‘For it really is quite unreasonable to grant every other of life’s professions opportunities for fun, but to allow no fun to all the scholars. What if the jokes bring with them some serious ideas?’*
‘We have contradictory desires. We want to be seen and we want not to be seen. We want to be known and we want not to be known.’**
I happened on these two quotes as I was rereading Sherry Turkle’s thoughts about how we’re expecting more from technology and less from people. Specifically, how her research uncovered people interacting with robots and websites as a means of getting things out that allow them to say sorry without apologising:
‘Each act makes the same claim … . […] In each, something less than a conversation begins to seem like a conversation. […] Sheryl’s online confessions do not lead her to talk to those she has wronged or to try to make amends. She goes online to feel better, not to make things right.’^
There feels to be an over-seriousness here at how we see ourselves, reminding me of Eckhart Tolle’s identifying of the ego as being the place of the false self, wherein resides our painbody. This is the part of us that wants to be upset and hurt by others because it confirms what we think about them, and, perhaps worse, what we think about ourselves.^^
In identifying the ego, we’re beginning to disarm it because it doesn’t want to be noticed. Perhaps, then, by learning to laugh at ourselves when confronted with many of the things people say or do to us (but not the more serious affronts and attacks), we’re releasing ourselves from some of the horrible things that play upon our minds and hearts. Instead of being preoccupied with these or carrying them around, we instead allow something greater to grow. Our future self is freed to wonder, be amazed, and to play in deep gladness.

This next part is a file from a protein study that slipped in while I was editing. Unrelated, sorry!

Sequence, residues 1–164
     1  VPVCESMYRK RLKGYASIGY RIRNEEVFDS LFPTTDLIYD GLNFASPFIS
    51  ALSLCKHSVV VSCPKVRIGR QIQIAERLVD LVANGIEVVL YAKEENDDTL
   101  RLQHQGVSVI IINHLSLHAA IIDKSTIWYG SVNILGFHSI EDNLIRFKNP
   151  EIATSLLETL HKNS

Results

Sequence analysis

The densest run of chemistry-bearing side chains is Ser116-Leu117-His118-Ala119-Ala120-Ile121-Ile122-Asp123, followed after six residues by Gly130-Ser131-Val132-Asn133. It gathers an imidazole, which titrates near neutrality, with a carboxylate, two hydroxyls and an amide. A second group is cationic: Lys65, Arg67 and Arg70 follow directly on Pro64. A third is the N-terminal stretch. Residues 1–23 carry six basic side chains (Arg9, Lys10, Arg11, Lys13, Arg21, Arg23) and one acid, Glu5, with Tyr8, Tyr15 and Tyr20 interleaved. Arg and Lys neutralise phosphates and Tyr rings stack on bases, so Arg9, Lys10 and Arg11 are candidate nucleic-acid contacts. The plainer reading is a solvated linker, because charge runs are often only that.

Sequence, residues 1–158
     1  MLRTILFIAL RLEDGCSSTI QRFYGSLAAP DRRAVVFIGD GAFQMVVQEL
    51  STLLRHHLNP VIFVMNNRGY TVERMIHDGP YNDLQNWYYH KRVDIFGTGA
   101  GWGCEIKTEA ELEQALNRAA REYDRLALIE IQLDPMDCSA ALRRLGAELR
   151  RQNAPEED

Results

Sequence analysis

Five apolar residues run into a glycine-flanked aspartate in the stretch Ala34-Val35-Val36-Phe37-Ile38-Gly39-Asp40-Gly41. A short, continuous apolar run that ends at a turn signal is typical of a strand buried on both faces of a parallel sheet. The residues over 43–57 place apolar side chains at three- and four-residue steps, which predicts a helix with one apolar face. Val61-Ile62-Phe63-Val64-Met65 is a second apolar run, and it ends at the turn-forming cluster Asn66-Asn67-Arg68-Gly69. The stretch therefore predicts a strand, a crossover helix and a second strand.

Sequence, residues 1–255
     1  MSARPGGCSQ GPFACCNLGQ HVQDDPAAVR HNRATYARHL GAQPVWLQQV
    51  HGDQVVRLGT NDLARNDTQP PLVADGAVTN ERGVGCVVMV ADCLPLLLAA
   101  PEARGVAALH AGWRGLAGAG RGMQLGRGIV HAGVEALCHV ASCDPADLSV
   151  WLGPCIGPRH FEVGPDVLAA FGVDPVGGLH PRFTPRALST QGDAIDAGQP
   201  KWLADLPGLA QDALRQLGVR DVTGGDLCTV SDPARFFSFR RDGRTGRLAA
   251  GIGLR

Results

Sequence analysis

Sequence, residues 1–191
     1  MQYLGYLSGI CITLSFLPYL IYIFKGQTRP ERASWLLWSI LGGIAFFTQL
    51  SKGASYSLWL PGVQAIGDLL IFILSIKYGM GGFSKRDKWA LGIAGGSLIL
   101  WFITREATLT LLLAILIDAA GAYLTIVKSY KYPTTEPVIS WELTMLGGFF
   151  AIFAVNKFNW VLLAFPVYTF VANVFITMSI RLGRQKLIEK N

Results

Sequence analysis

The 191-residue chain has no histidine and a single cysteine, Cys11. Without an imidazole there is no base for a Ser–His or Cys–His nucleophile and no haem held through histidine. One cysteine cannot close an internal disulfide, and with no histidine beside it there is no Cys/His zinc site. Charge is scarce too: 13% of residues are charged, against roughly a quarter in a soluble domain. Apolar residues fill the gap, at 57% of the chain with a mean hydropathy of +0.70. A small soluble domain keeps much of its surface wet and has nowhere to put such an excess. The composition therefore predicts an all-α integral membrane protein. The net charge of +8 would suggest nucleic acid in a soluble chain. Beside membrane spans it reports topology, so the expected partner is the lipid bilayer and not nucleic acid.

Hugh Macleod writes about how those who are willing to fail are best able to innovate. I connect this here, because when we take ourselves too seriously, we find it harder to admit our failings and struggle to engage in the kind of innovation failure makes possible. Laughing at ourselves doesn’t guarantee that we flip this, but it does mean we can relax into exploring the possibilities.
Seth Godin finishes a blog with these words, which I think fit well here:
‘He’s a jerk, a two-timer, a double-crosser. He deserves everything you throw at him, your cutting remarks, your sarcasm, your enmity. […] The thing is, it’s not clear that we benefit from carrying around all that vitriol. All the time we spend hating is time that we’ve given away to someone who hasn’t earned our time. […] Teaching someone a lesson is often overrated. Doing the lesson teaching in your head helps no one.
What happens if we walk away and make something magical instead?‘*^
(*From Roger Clarke’s translation of Erasmus’ Praise of Folly.)
(**From Kio Stark’s When Strangers Meet.)
(^From Sherry Turkle’s Alone Together.)
(^^See Eckhart Tolle’s A New Earth.)
(*^From Seth Godin’s blog: He deserves it, but do you?)
(^*For the doodle, I had Paul McCartney’s Frog Chorus: We All Stand Together in mind as I drew We’ll All Laugh Together.)